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Best Colleges for AAPI Students: University of Pennsylvania

This month, to kick off the school year, we’re partnering with Angry Asian Man to bring you a very special list of The Best Colleges and Universities for AAPI Students. Last week we profiled five colleges and universities. This week we’re profiling another five colleges and universities  (in no particular order). Today's campus is...

University of Pennsylvania
Private University
Location: Philadelphia, Pennsylvania
Founded: 1740
Enrollment: 10,275 undergrads
API population: About 20%, but we’re not sure because UPENN makes their data really hard to find, and doesn’t seem to separate their numbers between Asian international students and domestic Asian American students.  Is the administration trying to hide something?   
Interesting fact: The Greenfield Intercultural Center is celebrating its 25th anniversary this year. Penn founded the center in response to activism and organizing by students of color, including AAPIs.

The University of Pennsylvania is the best university for AAPIs. Getting students to care and to speak up about what the AAPI community needs and deserves has been the overall strategy in creating the type of AAPI community we have at Penn today. – A Nominator

At Penn, Asian Americans have created a space on campus, especially at the Pan-Asian American Community House that affirms AAPI students’ sense of identity, and provides them with a home, which serves as a foundation for advocacy and activism initiatives. Resources at Penn include the interdisciplinary program and minor in Asian American Studies, which was started in response to community activism, the Pan-Asian American Community House (PAACH), which serves as the “home away from home” for students, the Asian Pacific American Leadership Initiative (APALI), the PEER (Promoting Enriching Experiences and Relationships) program, and Asian Pacific Student Coalition (APSC), and much more.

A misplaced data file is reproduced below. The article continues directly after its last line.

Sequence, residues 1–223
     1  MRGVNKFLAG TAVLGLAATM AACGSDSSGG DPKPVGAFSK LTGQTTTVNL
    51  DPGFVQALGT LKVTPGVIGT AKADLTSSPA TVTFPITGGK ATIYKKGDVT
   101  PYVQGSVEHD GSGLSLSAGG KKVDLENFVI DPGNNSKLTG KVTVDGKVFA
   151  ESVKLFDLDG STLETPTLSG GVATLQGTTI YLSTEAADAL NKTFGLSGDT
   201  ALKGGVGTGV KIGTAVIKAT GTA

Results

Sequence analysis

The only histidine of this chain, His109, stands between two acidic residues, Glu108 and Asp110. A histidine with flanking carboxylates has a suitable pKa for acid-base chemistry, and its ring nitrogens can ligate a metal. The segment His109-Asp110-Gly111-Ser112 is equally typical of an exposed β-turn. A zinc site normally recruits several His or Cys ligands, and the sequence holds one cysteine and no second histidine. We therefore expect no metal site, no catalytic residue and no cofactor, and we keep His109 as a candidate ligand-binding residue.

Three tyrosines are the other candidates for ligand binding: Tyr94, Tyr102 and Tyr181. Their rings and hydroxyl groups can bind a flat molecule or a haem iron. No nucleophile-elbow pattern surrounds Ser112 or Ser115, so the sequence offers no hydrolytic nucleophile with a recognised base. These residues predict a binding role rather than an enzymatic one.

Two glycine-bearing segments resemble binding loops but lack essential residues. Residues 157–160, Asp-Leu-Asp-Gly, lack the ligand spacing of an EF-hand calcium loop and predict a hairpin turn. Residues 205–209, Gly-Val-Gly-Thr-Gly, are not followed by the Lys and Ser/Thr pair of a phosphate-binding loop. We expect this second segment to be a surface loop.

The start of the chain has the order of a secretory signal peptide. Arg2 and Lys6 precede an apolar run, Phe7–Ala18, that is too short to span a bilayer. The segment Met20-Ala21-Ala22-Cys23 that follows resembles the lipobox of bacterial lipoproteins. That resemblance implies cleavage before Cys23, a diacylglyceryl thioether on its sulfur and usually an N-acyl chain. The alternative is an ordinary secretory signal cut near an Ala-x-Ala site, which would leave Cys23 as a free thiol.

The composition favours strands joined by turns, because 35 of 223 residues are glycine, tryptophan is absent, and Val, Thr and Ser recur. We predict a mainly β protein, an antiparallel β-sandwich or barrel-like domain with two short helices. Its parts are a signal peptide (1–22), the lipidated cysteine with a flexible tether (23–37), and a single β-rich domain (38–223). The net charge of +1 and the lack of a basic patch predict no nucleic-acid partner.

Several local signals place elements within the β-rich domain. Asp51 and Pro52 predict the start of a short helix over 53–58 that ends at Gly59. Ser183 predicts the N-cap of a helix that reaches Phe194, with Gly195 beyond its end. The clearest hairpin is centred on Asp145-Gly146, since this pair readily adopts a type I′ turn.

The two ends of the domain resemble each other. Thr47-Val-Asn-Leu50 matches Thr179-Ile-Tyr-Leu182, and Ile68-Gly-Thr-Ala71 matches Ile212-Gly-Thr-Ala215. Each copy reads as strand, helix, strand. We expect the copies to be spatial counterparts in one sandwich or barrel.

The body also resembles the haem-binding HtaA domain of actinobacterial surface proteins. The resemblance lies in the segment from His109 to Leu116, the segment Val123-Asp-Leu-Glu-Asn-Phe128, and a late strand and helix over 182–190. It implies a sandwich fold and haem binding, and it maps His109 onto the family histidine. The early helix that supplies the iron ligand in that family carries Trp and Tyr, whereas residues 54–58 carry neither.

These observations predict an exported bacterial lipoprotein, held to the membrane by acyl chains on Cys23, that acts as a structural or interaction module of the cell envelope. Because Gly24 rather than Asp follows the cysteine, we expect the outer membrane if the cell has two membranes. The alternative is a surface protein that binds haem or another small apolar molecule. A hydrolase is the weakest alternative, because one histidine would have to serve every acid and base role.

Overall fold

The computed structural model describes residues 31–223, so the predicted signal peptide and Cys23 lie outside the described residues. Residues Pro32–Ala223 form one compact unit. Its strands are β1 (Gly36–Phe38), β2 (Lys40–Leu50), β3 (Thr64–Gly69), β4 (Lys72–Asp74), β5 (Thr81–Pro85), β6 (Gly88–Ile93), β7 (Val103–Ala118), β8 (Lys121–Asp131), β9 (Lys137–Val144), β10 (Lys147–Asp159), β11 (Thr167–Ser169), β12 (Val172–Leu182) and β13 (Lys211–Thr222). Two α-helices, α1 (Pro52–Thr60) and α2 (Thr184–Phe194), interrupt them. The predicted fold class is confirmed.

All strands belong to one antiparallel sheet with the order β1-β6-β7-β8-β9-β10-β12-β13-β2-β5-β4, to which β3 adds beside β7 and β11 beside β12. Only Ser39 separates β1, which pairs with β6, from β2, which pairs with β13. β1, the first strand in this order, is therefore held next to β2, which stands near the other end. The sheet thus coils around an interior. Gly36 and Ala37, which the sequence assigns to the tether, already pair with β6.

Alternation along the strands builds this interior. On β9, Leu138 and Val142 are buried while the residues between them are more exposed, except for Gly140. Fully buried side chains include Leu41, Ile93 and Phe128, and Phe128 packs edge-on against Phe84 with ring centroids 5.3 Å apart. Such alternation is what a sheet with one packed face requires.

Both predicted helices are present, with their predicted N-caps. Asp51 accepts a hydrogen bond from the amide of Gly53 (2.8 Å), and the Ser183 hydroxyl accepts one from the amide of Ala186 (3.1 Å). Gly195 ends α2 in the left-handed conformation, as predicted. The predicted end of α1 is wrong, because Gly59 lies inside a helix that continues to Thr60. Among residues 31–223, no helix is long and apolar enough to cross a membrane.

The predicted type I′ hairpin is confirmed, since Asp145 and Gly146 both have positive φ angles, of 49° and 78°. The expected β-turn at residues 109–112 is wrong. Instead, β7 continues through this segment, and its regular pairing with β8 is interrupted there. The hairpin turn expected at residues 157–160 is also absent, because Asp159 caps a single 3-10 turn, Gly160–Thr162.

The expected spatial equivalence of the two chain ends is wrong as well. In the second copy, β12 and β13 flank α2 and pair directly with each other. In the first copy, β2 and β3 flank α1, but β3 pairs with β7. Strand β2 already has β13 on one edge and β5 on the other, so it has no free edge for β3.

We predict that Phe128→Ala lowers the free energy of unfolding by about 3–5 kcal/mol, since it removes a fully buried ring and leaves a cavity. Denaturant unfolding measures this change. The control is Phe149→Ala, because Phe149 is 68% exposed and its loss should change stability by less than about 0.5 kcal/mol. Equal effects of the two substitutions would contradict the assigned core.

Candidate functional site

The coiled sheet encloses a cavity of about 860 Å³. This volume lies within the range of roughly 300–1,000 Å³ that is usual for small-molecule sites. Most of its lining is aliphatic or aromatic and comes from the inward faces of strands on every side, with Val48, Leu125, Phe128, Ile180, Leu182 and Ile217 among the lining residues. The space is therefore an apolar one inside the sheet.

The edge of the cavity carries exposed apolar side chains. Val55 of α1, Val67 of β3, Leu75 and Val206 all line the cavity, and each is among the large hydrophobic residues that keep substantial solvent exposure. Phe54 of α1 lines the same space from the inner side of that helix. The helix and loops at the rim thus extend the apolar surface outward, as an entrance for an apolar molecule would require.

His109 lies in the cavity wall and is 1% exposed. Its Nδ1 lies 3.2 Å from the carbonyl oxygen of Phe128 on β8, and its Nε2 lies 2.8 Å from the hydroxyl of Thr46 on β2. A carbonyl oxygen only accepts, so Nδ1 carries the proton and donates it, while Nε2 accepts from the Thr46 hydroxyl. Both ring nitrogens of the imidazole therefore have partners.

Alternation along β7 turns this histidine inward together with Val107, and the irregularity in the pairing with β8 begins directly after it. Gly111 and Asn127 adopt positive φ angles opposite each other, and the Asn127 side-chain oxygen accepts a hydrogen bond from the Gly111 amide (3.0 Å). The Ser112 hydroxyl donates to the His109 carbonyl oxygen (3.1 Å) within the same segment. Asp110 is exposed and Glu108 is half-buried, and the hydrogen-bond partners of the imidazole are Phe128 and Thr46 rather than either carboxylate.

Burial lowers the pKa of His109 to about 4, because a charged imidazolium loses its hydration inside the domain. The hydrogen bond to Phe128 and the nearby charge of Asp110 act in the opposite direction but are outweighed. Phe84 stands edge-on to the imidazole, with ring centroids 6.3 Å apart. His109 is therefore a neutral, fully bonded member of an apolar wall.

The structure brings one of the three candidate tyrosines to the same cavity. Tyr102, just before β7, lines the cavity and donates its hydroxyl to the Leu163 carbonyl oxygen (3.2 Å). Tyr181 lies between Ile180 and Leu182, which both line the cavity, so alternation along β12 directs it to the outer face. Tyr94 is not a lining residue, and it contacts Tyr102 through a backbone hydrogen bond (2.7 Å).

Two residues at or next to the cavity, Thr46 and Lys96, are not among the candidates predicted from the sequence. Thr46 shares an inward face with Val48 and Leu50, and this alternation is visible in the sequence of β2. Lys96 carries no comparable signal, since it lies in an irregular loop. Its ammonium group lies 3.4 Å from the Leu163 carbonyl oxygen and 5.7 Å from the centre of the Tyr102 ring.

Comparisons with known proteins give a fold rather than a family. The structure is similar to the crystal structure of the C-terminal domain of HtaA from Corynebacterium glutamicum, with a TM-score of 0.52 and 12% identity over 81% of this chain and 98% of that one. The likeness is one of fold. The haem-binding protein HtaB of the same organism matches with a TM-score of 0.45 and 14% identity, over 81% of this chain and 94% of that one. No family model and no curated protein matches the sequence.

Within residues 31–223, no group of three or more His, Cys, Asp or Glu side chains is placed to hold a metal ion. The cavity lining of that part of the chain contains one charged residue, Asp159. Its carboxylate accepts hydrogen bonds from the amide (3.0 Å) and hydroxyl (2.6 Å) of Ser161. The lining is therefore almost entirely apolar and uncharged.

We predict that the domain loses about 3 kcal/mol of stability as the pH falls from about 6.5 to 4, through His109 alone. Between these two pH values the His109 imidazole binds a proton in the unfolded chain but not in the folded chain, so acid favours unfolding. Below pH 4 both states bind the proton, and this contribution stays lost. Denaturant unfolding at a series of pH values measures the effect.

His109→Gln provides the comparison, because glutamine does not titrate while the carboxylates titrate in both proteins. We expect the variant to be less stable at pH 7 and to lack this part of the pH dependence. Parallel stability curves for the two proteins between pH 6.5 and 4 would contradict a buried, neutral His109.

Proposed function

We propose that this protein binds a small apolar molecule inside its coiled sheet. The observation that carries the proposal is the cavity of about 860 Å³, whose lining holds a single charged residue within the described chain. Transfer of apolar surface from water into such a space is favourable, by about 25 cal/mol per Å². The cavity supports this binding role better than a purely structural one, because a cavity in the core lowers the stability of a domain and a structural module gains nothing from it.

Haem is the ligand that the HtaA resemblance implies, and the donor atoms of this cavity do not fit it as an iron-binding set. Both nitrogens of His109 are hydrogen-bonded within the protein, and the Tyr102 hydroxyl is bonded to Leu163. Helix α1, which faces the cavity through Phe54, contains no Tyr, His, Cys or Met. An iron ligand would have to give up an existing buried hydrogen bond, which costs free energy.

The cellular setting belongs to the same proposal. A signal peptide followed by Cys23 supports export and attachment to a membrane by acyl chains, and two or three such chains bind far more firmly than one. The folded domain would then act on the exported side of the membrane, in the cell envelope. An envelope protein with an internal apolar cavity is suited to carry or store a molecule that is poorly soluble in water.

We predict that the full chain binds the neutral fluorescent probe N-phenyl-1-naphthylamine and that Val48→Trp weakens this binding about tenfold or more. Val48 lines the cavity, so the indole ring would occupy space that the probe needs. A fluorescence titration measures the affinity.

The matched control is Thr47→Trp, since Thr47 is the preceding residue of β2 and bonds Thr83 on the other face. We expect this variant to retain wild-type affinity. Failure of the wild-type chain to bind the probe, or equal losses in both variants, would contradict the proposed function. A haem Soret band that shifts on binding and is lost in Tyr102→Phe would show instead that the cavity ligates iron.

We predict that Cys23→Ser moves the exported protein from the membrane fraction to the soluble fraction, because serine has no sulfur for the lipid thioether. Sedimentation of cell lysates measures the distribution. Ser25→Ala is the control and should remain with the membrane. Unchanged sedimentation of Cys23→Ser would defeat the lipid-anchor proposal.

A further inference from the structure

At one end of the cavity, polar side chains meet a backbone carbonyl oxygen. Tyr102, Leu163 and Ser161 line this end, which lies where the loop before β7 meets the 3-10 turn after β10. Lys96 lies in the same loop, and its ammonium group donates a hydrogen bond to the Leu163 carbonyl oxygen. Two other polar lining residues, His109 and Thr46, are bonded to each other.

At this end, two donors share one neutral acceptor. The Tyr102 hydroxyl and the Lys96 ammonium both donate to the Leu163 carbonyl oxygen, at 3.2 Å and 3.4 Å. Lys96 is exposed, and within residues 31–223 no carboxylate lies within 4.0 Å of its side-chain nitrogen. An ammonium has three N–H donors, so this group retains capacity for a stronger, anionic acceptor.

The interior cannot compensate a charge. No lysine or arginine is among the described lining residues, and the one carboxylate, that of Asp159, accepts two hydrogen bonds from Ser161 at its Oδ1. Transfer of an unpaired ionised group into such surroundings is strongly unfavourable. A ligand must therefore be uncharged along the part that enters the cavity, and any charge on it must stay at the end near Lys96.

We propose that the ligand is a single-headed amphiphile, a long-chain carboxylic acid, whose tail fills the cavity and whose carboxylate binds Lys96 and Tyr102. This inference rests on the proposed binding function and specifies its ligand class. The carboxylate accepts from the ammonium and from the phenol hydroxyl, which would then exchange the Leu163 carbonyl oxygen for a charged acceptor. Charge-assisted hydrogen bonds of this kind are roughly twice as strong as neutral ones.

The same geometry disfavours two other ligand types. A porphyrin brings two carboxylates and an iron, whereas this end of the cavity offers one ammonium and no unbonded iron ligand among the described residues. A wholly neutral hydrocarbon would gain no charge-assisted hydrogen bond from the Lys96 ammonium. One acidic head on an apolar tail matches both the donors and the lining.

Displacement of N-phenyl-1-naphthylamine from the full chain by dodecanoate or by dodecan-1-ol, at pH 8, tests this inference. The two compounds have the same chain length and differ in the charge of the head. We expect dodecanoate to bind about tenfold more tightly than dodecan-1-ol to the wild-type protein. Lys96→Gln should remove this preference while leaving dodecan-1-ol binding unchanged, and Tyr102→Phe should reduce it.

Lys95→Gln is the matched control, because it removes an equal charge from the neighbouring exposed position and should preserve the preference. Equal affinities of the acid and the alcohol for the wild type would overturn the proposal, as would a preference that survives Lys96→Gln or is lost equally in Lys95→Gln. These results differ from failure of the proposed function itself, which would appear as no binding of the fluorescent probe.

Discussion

Recently, APSC has been involved in some very high profile campaigns on campus to improve the University for all students.  In 2008, Asian American student leaders stepped up and organized protests against the administration’s 25 % budget cuts targeting the Asian American Studies program, which would have effectively eliminated the unit. APSC successfully organized against the cuts.  In 2007, after a controversial racial profiling incident, APSC in conjunction with four other umbrella minority coalitions led a campaign forcing the University to conduct a Campus Climate survey.  Discontented that the administration would not include students in the study’s implementation and analysis of results, student leaders have committed to conducting their own Campus Climate survey, due in 2010.

APSC’s involvement in off-campus issues, particularly the recent city proposal for a casino in Philly Chinatown has been equally impressive.  APSC helped educate Penn students about the possible effects of a casino in Chinatown, especially given the gaming industry’s history of predatory practices targeting AAPI populations, and should be commended for participating in the successful community-wide coalition effort to stop the casino from being built in Chinatown.  In the next year, APSC plans to focus on increasing AAPI participation in the 2010 Census.

The AAPI community at Penn is definitely dynamic, and that's why they're in our top ten.  Good luck with the Campus Climate survey and all the other projects!

Your rating: None Average: 4.7 (3 votes)

Anonymous Coward (not verified) on Mon, 09/21/2009 - 09:56

The Pan-Asian American Community House is the best resource on campus and makes the Penn experience completely unique! 

SMC (not verified) on Mon, 09/21/2009 - 15:27

Looking back as an alum, I have to say that PAACH really defined my college experience. I'm so glad that Penn's APA community is getting recognized for all the amazing work throughout the years.

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